USDA is forecasting net farm income to jump 31 percent from 2010 to $103.6 billion. Crop receipts are expected to rise over 19 percent in 2011 compared to 2010 as large increases are expected across a number of crop categories. Livestock receipts are expected to rise nearly 16 percent, led by strong sales of dairy, meat animals, and turkeys. Many different crop and livestock categories are expected to achieve record high sales.

Food grain cash receipts are expected to increase almost 25 percent in 2011, while remaining below their 2008 high. Wheat sales, which are expected to account for 86 percent of 2011 food grain receipts, are forecast to increase almost 37 percent. The price of wheat is expected to jump $2.35 per bushel as the quantity of wheat sold is expected to decline over 5 percent in 2011.

Net farm income to be record high in 2011Feed crop receipts are expected to increase almost 37 percent, achieving a record level in 2011. Sales of corn for grain, which are expected to account for almost 86 percent of 2011 feed crop receipts, are expected to increase more than 38 percent in 2011. While the quantity of corn sold in 2011 is expected to decline less than 5 percent, this will be more than offset by an almost $2-per-bushel increase in price. Price increases are also expected in 2011 for barley, oats, and hay.

Receipts for oilseed crops are expected to achieve record highs in 2011 based on soybean receipts increasing over 17 percent. The soybean gains reflect a price increase of $2.76 per bushel, offsetting an anticipated 5.2 percent drop in quantity sold in 2011.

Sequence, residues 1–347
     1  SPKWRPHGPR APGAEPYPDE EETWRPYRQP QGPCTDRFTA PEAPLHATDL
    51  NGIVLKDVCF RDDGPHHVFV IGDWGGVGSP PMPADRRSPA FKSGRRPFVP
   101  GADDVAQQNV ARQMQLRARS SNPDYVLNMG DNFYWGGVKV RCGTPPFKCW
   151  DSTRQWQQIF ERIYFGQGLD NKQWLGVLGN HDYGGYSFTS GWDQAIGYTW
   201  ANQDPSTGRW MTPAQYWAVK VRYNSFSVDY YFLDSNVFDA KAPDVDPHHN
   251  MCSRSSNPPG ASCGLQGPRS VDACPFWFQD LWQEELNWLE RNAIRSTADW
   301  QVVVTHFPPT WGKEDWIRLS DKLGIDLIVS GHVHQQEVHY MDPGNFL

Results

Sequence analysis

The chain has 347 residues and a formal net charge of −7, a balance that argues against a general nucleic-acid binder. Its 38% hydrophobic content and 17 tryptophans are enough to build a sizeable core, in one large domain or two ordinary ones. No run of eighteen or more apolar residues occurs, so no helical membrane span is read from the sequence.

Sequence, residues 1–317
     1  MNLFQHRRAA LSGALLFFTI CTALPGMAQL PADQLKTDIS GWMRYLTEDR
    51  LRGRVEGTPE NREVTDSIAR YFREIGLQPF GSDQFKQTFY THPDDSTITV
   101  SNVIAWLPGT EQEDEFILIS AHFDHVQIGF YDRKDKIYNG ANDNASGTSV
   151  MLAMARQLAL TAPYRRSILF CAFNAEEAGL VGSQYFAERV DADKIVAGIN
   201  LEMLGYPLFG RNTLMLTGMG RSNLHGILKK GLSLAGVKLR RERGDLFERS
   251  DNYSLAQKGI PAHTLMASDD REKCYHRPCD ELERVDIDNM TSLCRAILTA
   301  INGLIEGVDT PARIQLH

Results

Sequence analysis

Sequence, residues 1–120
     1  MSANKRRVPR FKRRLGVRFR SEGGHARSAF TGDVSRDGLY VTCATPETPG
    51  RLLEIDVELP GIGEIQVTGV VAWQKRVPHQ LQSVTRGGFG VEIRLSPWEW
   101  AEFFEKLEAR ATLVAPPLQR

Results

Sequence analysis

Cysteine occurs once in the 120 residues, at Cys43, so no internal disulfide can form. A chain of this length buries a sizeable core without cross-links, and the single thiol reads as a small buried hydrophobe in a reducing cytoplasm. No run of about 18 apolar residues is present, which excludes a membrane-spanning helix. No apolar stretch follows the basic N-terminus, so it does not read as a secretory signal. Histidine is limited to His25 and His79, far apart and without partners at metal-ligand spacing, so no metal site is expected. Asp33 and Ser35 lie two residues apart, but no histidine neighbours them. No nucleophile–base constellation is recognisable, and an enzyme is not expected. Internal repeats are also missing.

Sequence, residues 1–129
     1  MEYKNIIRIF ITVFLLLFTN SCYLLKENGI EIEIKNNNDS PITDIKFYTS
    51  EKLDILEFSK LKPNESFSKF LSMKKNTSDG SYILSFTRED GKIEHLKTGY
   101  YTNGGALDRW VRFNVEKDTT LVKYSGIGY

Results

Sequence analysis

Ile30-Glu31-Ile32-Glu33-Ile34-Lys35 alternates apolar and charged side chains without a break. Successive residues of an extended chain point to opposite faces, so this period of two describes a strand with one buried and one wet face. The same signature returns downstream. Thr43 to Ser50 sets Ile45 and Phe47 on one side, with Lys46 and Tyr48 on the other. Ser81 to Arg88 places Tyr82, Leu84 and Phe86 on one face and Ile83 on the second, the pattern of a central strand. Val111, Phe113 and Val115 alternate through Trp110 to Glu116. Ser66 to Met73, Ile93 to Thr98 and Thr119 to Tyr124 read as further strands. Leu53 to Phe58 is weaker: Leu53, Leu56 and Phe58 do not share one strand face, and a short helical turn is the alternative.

Cotton receipts are expected to rise almost 30 percent in 2011, reflecting large increases in prices for both lint and seed. U.S. mill use is expected to be unchanged from the previous 2 years. However, the 2011 cotton crop will be smaller due to the drought in the South.

Large anticipated price increases in 2011 are expected to generate strong sales for U.S. livestock. Dairy receipts are expected to increase as milk prices received by farmers increase more than $4/cwt. Cattle and calf cash receipts are anticipated to increase despite declining production in 2011, reflecting large price gains as global demand for U.S. beef is expected to remain strong. Hog cash receipts are expected to increase due to large price gains coupled with a small increase in pork production. Broiler cash receipts are expected to increase in 2011, with increases in production and strong broiler export demand.

Production expenses are expected to increase more than $30 billion in 2011 compared to 2010. Total production expenses are set to rise 11.4 percent in 2011 to a nominal record $318.1 billion. The 2011 jump resembles the large increases in production expenses in 2007 and 2008. This is the first time that expenses will have exceeded $300 billion. Despite the increase, when adjusted for inflation, 2011 expenses remain slightly below those in 1979.

Every expense category is forecast to increase in 2011. Feed is expected to rise $9.2 billion; livestock and poultry purchases, $2.4 billion; fertilizer and lime, $5.1 billion; and fuels and oils, $3.2 billion. Seeds, miscellaneous expenses, total interest expenses, repair and maintenance, and net rent to nonoperators should each be up more than $1 billion.

The increase in expenses will affect crop and livestock farms differently. The principal expenses for livestock farms are expected to increase about 18 percent, while the principal crop expenses are expected to increase 15 percent. In addition, since the value of crop production is expected to rise more than the value of livestock production, the rise in livestock-related expenses will impinge on net incomes of livestock farms more than crop farms.